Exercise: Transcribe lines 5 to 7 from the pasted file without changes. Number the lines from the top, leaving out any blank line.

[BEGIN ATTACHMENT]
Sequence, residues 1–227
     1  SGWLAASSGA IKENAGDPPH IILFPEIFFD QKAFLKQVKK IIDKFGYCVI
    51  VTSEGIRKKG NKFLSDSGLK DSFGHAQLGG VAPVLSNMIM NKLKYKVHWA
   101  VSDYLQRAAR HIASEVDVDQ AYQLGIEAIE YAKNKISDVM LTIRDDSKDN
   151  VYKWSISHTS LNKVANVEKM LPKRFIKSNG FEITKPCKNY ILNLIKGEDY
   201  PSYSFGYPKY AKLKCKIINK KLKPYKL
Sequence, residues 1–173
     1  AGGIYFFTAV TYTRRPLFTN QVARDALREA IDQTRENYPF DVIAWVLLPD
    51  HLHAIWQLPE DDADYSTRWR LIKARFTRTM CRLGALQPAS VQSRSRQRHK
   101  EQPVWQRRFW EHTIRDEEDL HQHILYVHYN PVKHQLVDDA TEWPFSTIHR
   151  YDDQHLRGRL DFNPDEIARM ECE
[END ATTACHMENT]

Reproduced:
   151  VYKWSISHTS LNKVANVEKM LPKRFIKSNG FEITKPCKNY ILNLIKGEDY
   201  PSYSFGYPKY AKLKCKIINK KLKPYKL
Sequence, residues 1–173